Raheem Sterling the star as Man City pile on the pressure

Forward scores a brace before Gabriel Jesus soothes late nerves against Crystal Palace

Manchester City manager Pep Guardiola believes the Premier League trophy is within reach after his side's 3-1 win over Crystal Palace, but they will have to win all their remaining games. Video: Perform Group

 

Crystal Palace 1 Manchester City 3

Manchester City will not let up. There was a period of around nine minutes towards the end here when the visitors endured something akin to pangs of anxiety as their hosts pressed fitfully for an unlikely equaliser but this was a straightforward success against the only team to have claimed Premier League points from the Etihad stadium to date this season.

Up to then, it had been a win devoid of drama. Pep Guardiola and his players could sit back, relax and watch the subsequent contest on distant Merseyside content in the knowledge that, if they win their last five fixtures, the title will be retained.

How Liverpool must have yearned for Crystal Palace to inflict more wounds than Luka Milivojevic’s free-kick, belted inside the post nine minutes from time to halve the deficit and set up an improbable finale.

As it was, the visiting substitute Gabriel Jesus, collecting from Kevin de Bruyne on the counter, would slide a third goal inside Vicente Guaita’s near post in stoppage time to settle the occasion.

That brief period when Palace had pushed for a second aside, this had been all too predictable, a masterclass in the suffocation of a team by blanket possession and the perfect stroll given City have a deficit to retrieve in the conclusion of their Champions League quarter-final against Tottenham on Wednesday. Energy levels will not have been dulled. Domestic momentum has been maintained.

Raheem Sterling’s two goals had established City’s dominance. The forward is appreciated in these parts, his recent dedication to Damary Dawkins – a 13-year-old member of Palace’s elite player development centre who died last month after a four-year battle with a very rare acute lymphoblastic leukemia – upon scoring for England against the Czech Republic having won him friends. His form remains untouchable, his scuttling running full of menace. Palace, a team shorn of first-choice centre-halves and saddled by a dreadful home record, never came close to stifling his threat.

Manchester City’s Raheem Sterling scores his side’s first goal of the game against Crystal Palace. Photograph: Steven Paston/PA
Manchester City’s Raheem Sterling scores his side’s first goal of the game against Crystal Palace. Photograph: Steven Paston/PA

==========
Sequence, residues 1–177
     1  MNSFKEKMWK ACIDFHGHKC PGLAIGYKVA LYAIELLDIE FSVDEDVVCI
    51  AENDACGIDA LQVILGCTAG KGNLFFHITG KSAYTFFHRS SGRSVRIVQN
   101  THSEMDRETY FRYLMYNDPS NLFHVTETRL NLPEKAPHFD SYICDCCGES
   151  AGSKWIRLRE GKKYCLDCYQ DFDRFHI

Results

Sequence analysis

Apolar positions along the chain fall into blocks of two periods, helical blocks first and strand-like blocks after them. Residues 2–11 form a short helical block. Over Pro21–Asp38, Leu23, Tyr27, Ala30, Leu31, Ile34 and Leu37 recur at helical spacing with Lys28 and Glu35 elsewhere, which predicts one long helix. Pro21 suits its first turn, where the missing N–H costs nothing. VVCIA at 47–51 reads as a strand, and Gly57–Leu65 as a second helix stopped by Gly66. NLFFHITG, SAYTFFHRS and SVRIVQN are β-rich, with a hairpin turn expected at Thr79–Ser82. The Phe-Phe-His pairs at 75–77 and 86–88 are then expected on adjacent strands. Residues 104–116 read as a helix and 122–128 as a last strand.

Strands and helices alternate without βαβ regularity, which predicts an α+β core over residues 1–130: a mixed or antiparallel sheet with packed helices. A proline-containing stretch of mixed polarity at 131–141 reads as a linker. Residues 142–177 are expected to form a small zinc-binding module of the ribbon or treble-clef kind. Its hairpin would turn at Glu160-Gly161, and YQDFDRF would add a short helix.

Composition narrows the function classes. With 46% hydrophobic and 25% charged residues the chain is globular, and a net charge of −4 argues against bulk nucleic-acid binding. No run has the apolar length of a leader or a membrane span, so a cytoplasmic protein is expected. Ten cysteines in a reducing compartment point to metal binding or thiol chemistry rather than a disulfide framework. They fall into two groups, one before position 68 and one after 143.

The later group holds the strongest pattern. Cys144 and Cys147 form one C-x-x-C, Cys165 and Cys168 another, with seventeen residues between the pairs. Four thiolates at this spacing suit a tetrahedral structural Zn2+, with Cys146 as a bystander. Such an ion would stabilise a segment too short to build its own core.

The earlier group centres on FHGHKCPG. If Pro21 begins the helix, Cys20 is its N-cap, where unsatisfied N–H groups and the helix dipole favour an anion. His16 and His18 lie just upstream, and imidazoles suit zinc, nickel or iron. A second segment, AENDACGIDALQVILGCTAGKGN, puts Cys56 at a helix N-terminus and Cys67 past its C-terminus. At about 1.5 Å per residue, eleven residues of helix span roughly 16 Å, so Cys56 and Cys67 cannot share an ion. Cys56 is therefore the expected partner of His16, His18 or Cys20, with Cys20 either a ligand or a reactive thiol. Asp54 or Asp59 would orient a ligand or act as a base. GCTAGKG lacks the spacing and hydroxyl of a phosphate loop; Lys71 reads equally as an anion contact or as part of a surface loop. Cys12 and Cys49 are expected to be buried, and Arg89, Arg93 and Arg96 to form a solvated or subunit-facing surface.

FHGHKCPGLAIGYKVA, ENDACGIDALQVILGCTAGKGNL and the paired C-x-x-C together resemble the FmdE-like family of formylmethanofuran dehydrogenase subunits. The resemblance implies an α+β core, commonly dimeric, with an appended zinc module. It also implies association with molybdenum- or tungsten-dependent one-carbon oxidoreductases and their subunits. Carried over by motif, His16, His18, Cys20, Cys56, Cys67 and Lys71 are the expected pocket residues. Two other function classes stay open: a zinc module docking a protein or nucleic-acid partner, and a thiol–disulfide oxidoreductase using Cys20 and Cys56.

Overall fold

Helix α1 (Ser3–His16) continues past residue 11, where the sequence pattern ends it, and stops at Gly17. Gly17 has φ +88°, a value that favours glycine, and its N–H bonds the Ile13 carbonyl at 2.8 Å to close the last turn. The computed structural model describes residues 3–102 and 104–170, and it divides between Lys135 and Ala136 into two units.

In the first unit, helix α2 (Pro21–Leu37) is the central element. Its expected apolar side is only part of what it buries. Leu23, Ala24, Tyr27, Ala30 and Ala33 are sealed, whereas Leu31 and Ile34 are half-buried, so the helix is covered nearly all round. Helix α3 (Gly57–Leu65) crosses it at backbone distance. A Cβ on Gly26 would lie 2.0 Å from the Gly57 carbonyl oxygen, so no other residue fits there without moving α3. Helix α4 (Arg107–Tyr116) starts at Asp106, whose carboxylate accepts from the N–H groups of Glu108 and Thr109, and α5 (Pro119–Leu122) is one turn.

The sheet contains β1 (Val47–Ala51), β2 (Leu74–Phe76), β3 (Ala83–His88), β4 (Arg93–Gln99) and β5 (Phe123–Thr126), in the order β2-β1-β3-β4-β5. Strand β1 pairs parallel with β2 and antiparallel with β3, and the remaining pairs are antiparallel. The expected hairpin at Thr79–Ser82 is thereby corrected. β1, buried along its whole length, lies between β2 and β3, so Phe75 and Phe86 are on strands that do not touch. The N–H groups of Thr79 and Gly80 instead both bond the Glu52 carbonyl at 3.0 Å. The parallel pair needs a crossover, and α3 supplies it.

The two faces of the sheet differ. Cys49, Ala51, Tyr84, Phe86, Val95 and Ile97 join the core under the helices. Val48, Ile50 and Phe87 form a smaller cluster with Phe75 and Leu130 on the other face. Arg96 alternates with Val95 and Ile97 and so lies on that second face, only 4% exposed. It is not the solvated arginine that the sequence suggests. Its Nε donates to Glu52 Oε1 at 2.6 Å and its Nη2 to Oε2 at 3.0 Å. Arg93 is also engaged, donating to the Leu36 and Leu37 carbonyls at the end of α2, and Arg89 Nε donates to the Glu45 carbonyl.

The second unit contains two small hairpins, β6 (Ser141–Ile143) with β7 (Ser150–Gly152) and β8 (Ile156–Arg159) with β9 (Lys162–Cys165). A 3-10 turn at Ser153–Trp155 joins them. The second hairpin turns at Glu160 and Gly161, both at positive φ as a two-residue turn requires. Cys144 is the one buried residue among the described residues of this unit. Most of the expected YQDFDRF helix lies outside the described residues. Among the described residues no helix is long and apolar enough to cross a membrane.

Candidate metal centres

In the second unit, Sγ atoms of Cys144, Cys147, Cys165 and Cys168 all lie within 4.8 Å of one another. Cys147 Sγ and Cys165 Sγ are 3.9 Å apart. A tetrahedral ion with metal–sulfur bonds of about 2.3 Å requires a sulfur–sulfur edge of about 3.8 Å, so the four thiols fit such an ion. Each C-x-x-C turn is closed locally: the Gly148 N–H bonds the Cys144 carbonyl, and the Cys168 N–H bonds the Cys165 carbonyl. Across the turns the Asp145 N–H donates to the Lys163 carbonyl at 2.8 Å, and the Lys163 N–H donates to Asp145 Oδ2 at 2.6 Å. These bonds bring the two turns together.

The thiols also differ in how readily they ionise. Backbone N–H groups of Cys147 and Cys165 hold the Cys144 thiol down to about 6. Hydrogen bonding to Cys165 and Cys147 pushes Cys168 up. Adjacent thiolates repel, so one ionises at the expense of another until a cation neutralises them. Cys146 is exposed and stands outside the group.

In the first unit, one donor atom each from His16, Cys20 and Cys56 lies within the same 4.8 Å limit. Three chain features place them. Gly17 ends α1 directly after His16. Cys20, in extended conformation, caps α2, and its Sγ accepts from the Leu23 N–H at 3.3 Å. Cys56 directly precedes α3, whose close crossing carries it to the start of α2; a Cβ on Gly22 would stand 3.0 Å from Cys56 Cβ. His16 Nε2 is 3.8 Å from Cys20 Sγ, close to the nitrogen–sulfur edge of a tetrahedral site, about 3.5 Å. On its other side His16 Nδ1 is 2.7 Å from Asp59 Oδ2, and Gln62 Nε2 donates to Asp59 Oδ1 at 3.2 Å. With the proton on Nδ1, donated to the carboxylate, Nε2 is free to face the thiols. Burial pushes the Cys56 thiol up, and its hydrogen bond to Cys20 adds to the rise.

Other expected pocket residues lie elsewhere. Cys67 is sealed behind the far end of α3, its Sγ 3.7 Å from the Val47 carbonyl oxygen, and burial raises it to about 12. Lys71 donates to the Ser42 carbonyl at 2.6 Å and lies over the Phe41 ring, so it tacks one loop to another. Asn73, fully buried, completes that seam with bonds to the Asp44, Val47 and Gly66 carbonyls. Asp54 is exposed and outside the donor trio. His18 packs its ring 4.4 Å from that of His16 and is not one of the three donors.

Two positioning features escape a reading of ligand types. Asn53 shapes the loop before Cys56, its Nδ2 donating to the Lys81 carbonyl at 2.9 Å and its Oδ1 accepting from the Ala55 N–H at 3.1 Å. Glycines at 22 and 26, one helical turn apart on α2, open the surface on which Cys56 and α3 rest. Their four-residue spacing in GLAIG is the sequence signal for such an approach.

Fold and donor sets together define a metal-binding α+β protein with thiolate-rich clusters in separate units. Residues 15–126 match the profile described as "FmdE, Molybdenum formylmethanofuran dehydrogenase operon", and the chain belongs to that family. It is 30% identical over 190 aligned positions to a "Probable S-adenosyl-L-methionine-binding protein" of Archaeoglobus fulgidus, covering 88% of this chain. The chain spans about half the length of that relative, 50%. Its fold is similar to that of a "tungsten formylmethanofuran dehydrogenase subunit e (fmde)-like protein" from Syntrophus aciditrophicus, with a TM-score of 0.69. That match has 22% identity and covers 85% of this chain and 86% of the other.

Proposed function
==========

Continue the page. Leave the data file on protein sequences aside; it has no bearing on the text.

Sterling, found unmarked in front of goal by Ilkay Gündogan’s pull-back, had already scuffed a shot mystifyingly wide of a gaping net by the time he eased City into the lead their virtual monopoly of possession had warranted.

Palace had been breathing a sigh of relief to have won a free-kick in their opponents’ half to launch into the box, only for the ball to be repelled and channelled up-field at such pace on the counter that their defence had no time to reorganise. De Bruyne, permitted to advance to the halfway line, had slid through the sumptuous pass inside Patrick van Aanholt on to which Sterling sprinted. Scott Dann was in no position to overhaul the forward, with the finish dispatched emphatically across Guaita and high into the net.

Other chances were passed up, though the dominance was permanent. Dann somehow blocked from De Bruyne after Gündogan’s simple lofted pass through the middle had struck David Silva on the back and still prompted panic.

Leroy Sané, having waltzed gracefully around three markers, forced Guaita to palm a shot pass his near post. The hosts, so jittery in possession in the knowledge that surrendering the ball at any point could see them shredded, had retired at the interval having mustered nothing other than one Christian Benteke nod-down which Gundogan scrambled clear before the substitute Cheikhou Kouyaté could convert.

The Germany midfielder had been imperious, dictating play in the absence of the injured Fernandinho – the Brazilian should be fit for Wednesday’s second leg with Spurs – with Palace too wary of closing him down lest the ball be immediately shifted into space beyond him. Some of the triangles pinged among visitors were stunning in their simplicity, though they had been constructed under little to no pressure. Only Kouyaté, on for the injured Jeffrey Schlupp, seemed intent upon disrupting City’s rhythm with the lengthy and comfortable rat-a-tat of passes that culminated in Guaita saving from Martin Kelly’s inadvertent touch early in the second half a reflection of so much of the play.

All that was missing was breathing space, with Sterling eventually supplying that just after the hour. Palace had been pulled out of position by the latest flurry of clipped passes and subtle movement, with Sané fizzing in a pass across goal which the forward, untracked by Van Aanholt, side-footed first time with a thud of his boot back across Guaita and into the far corner.

Milivojevic’s free-kick, dispatched after Vincent Kompany and Gündogan had upended James McArthur in a mess on the edge of the City penalty area, would at least prompt a flurry of late urgency from the home side. But that never really threatened to yield an equaliser and from another counterattack with home players over-committed up-field there was Jesus to clip in the visitors’ third at the death.

For a few hours at least, they are restored to the top. - Guardian

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